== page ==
Let’s Talk Dirty (Laundry, That Is!) Part 3 of 3…
by servantheart, Editor at Large
How will you do the laundry when IHTF?
Now, I realize that should things get really bad, doing the laundry will not be high on your “to do” list. Until that time, however, you’re going to want clean clothes, for as long as possible, anyway.
So IHTF, you’re “bugged in” (BIL: Bug IN Location) or on your Bug-Out, BOL, and dirty clothes are piling up faster than you expected – after all, the BIL/BOL is a pretty dirty place, right?! You spend a lot more time crawling around outdoors and moving about in the out-of-doors and in dirty places than you did pre-IHTF. Your whole tribe sweats more and gets dirty faster. What now?
If you still have electricity, or if you have a good backup system, or you’re wired to solar, you could use that for the washing machine you probably have; somehow, I don’t think most people will be doing this, however. So, what are the options?
I’ve already given you my recipe for cheap, effective laundry detergent (BTW, this is good for cleaning much more than just laundry). You did make a bucket or two BEFORE IHTF, right? So you’re good on laundry detergent. Or, you stocked up on soap nuts. Either way…
I was reading Foxfire 2 and loved the details on how they just boiled water in giant iron pots, boiled the clothes, and hung them across the nearest fence. Now, while this makes for nostalgic reading, I have to say that I would not choose this method of laundry post-IHTF. First, clothing is not meant to be boiled – few fibers today, especially coming out of China, as most of it is, would survive boiling or working the fabrics this hard. The color would most likely boil right out, and the fibers disintegrate during boiling. I have not tried this, it’s just what I think. And hanging clothes across a rusty old fence will give rust-stained clothing. Not the best option, IMHO.
If you’re lucky enough to have grandma’s old wringer washer that does not need electricity, you’re blessed, indeed. Oh, to have one of those that still works! You can buy a new version of these from Lehman’s for about $950 plus. Yeah, buy me one of those!
O.K., so no thousand bucks, no wringer washer. What now? Well, there’s always galvanized metal tubs, fiberglass or plastic laundry sinks, which you can buy at any home improvement store; what I really want is a set of the double old galvanized sinks for laundry; meantime, just any old large metal bucket or container that will take direct heat, such as from a wood fire, will suffice. If you don’t happen to own a wood-burning stove or a propane gas stove (and you probably would want to conserve fossil fuel, anyway), just heat your water over an outdoor fire in the biggest, sturdiest pot you can find. You’ll spend a good part of your day heating water and moving it, but, it is a way to do the laundry when the options are few.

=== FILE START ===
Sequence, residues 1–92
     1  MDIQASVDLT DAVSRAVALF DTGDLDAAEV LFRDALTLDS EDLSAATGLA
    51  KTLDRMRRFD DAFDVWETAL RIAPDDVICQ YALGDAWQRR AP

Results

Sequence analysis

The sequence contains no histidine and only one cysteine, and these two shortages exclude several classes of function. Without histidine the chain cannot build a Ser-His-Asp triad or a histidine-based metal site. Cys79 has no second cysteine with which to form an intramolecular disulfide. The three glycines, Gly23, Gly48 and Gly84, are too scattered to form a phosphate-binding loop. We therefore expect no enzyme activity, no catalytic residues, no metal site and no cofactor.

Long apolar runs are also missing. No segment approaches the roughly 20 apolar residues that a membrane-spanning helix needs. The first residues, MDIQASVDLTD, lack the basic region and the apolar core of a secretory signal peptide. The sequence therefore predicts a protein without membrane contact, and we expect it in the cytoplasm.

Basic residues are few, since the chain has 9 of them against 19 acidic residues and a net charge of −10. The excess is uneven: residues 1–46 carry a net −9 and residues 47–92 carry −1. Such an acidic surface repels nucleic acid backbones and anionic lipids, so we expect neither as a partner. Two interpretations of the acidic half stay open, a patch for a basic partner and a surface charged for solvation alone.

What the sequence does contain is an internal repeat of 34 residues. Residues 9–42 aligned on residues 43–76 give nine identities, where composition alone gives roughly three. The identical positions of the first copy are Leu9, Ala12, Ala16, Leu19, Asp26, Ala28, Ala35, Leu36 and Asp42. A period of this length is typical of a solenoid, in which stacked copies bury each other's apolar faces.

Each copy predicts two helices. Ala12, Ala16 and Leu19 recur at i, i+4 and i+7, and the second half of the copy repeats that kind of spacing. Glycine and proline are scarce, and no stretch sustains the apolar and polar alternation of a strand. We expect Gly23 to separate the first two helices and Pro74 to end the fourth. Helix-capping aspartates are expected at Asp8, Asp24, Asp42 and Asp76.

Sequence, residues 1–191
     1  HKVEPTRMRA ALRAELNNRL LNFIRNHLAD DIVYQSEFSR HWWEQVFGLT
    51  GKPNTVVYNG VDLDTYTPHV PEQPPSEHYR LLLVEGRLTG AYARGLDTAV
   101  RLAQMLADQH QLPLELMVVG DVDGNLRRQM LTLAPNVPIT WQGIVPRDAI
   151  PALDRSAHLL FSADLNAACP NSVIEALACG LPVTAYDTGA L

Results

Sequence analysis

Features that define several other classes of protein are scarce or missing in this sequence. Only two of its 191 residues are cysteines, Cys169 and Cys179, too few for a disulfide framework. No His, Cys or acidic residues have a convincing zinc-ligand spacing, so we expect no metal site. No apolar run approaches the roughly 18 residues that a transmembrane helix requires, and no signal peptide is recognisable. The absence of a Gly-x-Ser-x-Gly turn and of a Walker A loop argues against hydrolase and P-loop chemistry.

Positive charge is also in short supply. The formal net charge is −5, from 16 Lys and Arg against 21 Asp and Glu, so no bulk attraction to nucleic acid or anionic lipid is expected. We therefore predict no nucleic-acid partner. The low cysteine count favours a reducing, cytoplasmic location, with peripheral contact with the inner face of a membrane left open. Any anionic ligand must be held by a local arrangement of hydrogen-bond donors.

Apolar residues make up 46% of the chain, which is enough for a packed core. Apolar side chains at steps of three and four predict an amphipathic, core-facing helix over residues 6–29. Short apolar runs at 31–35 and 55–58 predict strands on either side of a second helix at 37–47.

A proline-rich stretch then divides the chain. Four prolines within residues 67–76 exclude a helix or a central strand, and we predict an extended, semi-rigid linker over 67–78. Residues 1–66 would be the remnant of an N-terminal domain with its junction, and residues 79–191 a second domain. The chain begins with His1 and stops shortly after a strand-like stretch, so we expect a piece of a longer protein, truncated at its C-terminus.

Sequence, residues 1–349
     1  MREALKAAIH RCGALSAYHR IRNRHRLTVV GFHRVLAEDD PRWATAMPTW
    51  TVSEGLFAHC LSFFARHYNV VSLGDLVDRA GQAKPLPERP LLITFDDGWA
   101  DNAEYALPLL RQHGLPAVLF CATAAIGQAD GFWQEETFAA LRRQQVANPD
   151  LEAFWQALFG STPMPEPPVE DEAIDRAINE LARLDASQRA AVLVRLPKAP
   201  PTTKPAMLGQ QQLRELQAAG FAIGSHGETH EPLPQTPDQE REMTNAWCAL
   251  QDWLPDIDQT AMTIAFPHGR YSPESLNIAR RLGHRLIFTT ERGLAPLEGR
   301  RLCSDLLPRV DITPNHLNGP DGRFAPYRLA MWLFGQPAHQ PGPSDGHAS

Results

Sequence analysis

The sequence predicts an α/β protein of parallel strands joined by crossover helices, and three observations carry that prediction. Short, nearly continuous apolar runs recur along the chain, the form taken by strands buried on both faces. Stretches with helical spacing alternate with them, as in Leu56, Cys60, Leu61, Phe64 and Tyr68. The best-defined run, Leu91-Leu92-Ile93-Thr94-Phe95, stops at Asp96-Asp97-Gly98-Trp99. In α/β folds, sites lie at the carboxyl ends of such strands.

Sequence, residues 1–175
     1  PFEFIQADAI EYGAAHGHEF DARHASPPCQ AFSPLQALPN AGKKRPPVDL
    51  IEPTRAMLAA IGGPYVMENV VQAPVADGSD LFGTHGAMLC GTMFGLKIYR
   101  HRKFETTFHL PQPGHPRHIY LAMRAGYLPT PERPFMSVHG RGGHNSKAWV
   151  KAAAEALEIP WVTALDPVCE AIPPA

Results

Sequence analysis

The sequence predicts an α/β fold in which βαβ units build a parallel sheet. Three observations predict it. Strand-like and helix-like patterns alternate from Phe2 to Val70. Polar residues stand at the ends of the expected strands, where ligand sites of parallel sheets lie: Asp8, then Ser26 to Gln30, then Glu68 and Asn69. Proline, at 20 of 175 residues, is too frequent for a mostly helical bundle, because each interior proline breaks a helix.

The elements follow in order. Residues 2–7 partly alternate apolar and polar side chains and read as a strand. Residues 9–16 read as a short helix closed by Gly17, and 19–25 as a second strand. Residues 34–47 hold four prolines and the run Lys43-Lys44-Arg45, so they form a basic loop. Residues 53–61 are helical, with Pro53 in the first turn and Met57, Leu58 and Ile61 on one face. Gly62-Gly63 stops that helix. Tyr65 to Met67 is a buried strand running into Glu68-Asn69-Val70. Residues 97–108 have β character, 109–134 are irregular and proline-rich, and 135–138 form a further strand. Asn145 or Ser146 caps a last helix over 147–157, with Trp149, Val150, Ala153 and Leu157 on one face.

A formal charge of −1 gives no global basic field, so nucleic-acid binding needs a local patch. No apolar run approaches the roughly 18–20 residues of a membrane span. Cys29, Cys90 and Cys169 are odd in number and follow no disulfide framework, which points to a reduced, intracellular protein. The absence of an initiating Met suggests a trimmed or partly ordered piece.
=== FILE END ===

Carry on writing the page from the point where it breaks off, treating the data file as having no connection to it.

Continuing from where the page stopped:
Even if you can’t afford the whole washer, just a wringer is still a very useful device. Most of the old or antique ones I find have rubber rollers so broken down they are useless, or wooden ones damaged beyond repair. I did get lucky and find a great vintage wooden Montgomery Ward model that works quite well; it comes with some heavy screw-attachments; I attached mine to the top of an old, heavy wooden schoolhouse chair I found second-hand. It’s perfect! I place one laundry basket with wet clothing on the seat; I place a second laundry basket, empty, on the floor and behind the chair. I feed my wet clothes through the wringer, turning it by hand, and the clothing drops in the second basket, ready to be hung on the solar dryer (clothesline). For very heavy fabrics, I place one foot on the rungs of the chair to “hold it down” – necessity, the mother of invention!
A mobile washer is said to be a useful device; these look like a plunger, usually blue plastic cone with a wooden handle; they supposedly move the water in such a way it helps get your laundry clean. The plastic ones run $15-$20; these are also available in metal, and tend to cost a little more. I have one, but, honestly, I have not played with it yet; if you have one and have experience, please tell us about it.
Speaking of solar clothes dryers (clothes lines), you do have one, don’t you? Some communities with covenants and restrictions don’t allow them; but, if you have a six-foot privacy fence, who can tell?! Not only that, but when IHTF, covenants and restrictions won’t be on anyone’s mind. I call this a “prep”, as well as a barter item – and clothespins will definitely be barter items. Stock up while you can.
I do have a vintage 1950’s turquoise blue mini-portable washing machine; unfortunately, it is powered by electric, but I think we can fix that. It doesn’t hold much, though; but, it would be better than nothing, in a pinch. You can buy a small “Wonder Clean Washer” which is hand-cranked, for about $50.00 U.S.; I have no knowledge whether they are actually very good, but, somehow, I suspect they are not. Please tell me if you have positive results with these, however.
And, of course, there’s always good ol’ elbow grease and a rock!
What about stains? What things might be handy to get out stains post-IHTF? Baking soda, peroxide, white vinegar, lemon juice, salt, and denture tablets are all good stain removers. You probably will have a good stock of all these items; I don’t have dentures, but I do have denture tabs – I expect them to be a good barter item, as well.
If things get bad enough, you won’t want to smell too clean, anyway, and perhaps there is good news in that idea.
How will YOU do laundry when IHTF?